Thursday, July 10, 2014



Note: child molester sentenced to six years in prison in 2007, deported in 2012

Border Patrol agents have busy holiday weekend

Posted: Monday, July 7, 2014 8:37 pm
Posted on Jul 7, 2014by Amy Crawford

Yuma Sector Border Patrol agents seized 467 pounds of marijuana, arrested eight smuggling suspects, a convicted sex offender, and rescued a man in distress during the 4th of July weekend.

On Sunday, agents patrolling near Andrade, Calif., received a citizen's report that a red Chevrolet Cavalier was being loaded with bundles of narcotics near the Imperial Sand Dunes. Agents located and pursued a vehicle matching the description.

After a records check on the vehicle's license plate came back as registered to a Cadillac sedan, agents performed a vehicle stop. When questioned, the driver admitted that his passenger was his wife and stated that their children were in the back of the car. A search of the vehicle revealed two children hiding under nine bundles of marijuana. The combined weight of the marijuana was 212 pounds, worth an estimated $106,000.

Other agents patrolling near the Imperial Sand Dunes in California located footprints of two individuals leading from the international boundary fence to where the Chevrolet Cavalier was loaded with marijuana. A short time later, Calexico Station agents arrested two men whose shoes matched the footprints.
The driver, his family and marijuana were transported to Yuma Station for further processing.

In a separate incident, agents arrested Jesus Aguilar-Garcia, a Mexican national, found near the Grey's Well exit on Interstate 8. Aguilar, a registered sex offender, was convicted of sexual assault in November 2007 in San Bernardino, Calif.,, for lewd or lascivious acts with a minor and sentenced to six years in prison. He was removed from the U.S. in November 2012. Aguilar will be processed in accordance with Yuma Sector guidelines.

In another incident, agents patrolling near San Luis were notified of a 911 call from a person in distress in the area. An Office of Air and Marine helicopter was dispatched to assist and found the subject, a male Mexican national, near County 21½ and the Colorado River.
The man was transported to Yuma Regional Medical Center for treatment and then taken into custody.

On Friday, Wellton Station agents patrolling near Sentinel saw four men walking in the open desert carrying large rectangular backpacks. Agents caught up with the men and determined the backpacks contained a combined 255 pounds of marijuana worth an estimated $127,500. The men and marijuana were transported to Wellton Station for further processing.


Note: he was a real bozo when Seattle PD chief. Do the math also.

Border chief Gil Kerlikowske: Central American illegals are 'not dangerous'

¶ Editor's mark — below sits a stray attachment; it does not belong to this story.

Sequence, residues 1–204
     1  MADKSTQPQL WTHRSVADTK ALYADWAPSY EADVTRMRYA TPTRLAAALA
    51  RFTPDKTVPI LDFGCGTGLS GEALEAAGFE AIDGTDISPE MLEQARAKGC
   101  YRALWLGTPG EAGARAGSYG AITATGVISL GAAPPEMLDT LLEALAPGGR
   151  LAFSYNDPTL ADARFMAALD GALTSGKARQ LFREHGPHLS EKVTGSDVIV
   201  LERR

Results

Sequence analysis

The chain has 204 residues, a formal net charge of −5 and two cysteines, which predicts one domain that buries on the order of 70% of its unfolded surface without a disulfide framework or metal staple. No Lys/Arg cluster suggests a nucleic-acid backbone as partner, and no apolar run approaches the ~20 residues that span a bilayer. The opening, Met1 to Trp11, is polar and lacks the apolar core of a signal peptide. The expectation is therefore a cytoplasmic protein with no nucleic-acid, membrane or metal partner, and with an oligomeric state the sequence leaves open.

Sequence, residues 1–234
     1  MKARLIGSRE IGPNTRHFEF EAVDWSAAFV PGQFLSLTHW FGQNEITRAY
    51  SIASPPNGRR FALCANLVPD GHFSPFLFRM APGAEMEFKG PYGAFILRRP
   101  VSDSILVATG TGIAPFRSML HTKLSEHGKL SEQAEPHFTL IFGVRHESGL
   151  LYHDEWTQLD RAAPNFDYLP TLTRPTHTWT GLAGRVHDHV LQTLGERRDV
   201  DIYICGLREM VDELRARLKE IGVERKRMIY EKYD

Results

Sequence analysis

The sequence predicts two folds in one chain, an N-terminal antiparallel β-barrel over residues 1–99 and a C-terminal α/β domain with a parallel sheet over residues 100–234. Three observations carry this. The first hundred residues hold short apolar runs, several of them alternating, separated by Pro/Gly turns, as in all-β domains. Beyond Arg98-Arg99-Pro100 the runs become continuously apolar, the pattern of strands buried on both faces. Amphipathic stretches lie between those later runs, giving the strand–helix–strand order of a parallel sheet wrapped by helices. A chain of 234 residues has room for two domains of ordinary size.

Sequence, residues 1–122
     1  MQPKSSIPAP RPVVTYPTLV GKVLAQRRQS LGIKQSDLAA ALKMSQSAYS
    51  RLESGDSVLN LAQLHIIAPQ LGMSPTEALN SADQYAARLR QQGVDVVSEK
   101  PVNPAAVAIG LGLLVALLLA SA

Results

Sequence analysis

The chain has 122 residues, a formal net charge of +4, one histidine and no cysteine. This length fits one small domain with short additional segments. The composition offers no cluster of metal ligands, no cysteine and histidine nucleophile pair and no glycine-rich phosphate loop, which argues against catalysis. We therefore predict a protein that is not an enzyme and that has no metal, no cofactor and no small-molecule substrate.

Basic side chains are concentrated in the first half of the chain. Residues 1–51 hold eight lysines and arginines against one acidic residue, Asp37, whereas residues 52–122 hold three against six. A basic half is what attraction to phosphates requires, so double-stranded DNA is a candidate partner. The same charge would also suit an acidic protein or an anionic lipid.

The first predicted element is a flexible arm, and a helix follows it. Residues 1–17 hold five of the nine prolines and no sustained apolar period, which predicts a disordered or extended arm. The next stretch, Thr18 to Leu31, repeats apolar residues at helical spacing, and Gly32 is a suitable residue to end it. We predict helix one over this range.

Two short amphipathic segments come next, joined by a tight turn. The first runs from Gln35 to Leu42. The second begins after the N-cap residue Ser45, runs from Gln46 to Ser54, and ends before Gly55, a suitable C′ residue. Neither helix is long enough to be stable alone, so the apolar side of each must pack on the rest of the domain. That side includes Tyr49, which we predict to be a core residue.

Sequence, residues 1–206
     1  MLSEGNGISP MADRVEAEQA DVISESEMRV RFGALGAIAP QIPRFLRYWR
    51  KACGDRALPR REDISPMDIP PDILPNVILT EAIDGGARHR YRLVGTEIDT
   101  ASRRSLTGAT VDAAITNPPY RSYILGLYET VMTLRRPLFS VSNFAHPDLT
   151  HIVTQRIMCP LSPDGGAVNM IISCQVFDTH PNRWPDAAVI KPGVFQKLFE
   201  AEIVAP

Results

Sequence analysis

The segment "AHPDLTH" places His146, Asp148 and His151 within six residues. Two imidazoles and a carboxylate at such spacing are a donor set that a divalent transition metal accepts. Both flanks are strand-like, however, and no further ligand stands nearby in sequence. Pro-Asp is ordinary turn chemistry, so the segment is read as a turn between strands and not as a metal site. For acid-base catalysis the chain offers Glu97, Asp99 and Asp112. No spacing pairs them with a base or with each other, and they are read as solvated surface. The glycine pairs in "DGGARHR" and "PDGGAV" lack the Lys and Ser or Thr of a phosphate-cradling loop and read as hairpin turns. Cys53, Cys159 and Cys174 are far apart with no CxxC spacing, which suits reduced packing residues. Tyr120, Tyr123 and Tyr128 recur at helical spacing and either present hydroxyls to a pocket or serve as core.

By Cheryl K. Chumley-The Washington Times Monday, July 7, 2014

U.S. Customs and Border Protection Commissioner Gil Kerlikowske says the PR campaign is necessary to help Central American parents understand that sending their children to the U.S. will not earn them "permisos," or free passes to remain in the U.S. (ASsociated PRess)

U.S. Customs and Border Protection Commissioner Gil Kerlikowske says the PR campaign ... more >

Homeland Security Secretary vows to 'stem the tide' at the border

The commissioner of Customs and Border Protection, Gil Kerlikowske, said during a Sunday television interview that Americans shouldn't worry — the illegals who are flowing across the border from Central America aren't dangerous.

"These are family members," he said, during an ABC "This Week" broadcast. "These are not gang members. These are not dangerous individuals. I think that we all need to work through this problem together as Americans."

Mr. Kerlikowske also said that he was "confident that we have the resources" to deal with the border surge, The Hill reported. For instance, he said, Department of Homeland Security Secretary Jeh Johnson has recently sent 150 agents to the Rio Grande Valley and that's in addition to the 115 who were in process of settling in at the same site, he said, The Hill reported.

His apparent logic: The 265 are aptly able to care for the illegal crossers.

"These agents have gone well beyond the call of duty, taking care of these kids, treating them with true compassion, with true heartfelt sympathy," he said, the Hill reported.

His view comes as federal authorities predict anywhere between 60,000 and 90,000 illegal immigrants will cross into America from Central America before the end of the year.

Read more:

Note: those who have spent quality time in Central America, can expand on this one. Or, try a evening ride along W. Buckeye or Lower Buckeye Rd. in Phx.

Violent MS-13 Gang Members Leave Graffiti on Bathroom Walls of Nogales Border Patrol Processing Center
Katie Pavlich | Jul 08, 2014

An internal Border Patrol executive summary obtained by Townhall confirms that at least 16 unaccompanied illegal minors (those under the age of 18, according to U.S. government policy), are members of the brutal El Salvadorian street gang Mara Salvatrucha—or MS-13.